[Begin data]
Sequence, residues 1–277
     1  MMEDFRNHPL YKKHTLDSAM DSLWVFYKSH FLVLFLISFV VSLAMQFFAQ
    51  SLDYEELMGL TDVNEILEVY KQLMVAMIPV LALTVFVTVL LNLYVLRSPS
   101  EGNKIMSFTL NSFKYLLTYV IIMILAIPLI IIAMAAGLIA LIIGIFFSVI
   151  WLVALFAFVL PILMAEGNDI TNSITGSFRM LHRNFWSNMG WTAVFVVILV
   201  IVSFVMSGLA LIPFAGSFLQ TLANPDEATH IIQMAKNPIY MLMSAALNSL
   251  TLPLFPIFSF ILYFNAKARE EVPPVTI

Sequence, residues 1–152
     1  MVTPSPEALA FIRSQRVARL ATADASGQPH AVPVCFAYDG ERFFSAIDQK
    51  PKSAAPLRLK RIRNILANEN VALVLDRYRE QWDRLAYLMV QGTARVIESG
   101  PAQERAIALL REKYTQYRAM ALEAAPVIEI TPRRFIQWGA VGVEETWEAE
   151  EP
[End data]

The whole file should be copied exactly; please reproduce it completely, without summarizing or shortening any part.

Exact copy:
Sequence, residues 1–277
     1  MMEDFRNHPL YKKHTLDSAM DSLWVFYKSH FLVLFLISFV VSLAMQFFAQ
    51  SLDYEELMGL TDVNEILEVY KQLMVAMIPV LALTVFVTVL LNLYVLRSPS
   101  EGNKIMSFTL NSFKYLLTYV IIMILAIPLI IIAMAAGLIA LIIGIFFSVI
   151  WLVALFAFVL PILMAEGNDI TNSITGSFRM LHRNFWSNMG WTAVFVVILV
   201  IVSFVMSGLA LIPFAGSFLQ TLANPDEATH IIQMAKNPIY MLMSAALNSL
   251  TLPLFPIFSF ILYFNAKARE EVPPVTI

Sequence, residues 1–152
     1  MVTPSPEALA FIRSQRVARL ATADASGQPH AVPVCFAYDG ERFFSAIDQK
    51  PKSAAPLRLK RIRNILANEN VALVLDRYRE QWDRLAYLMV QGTARVIESG
   101  PAQERAIALL REKYTQYRAM ALEAAPVIEI TPRRFIQWGA VGVEETWEAE
   151  EP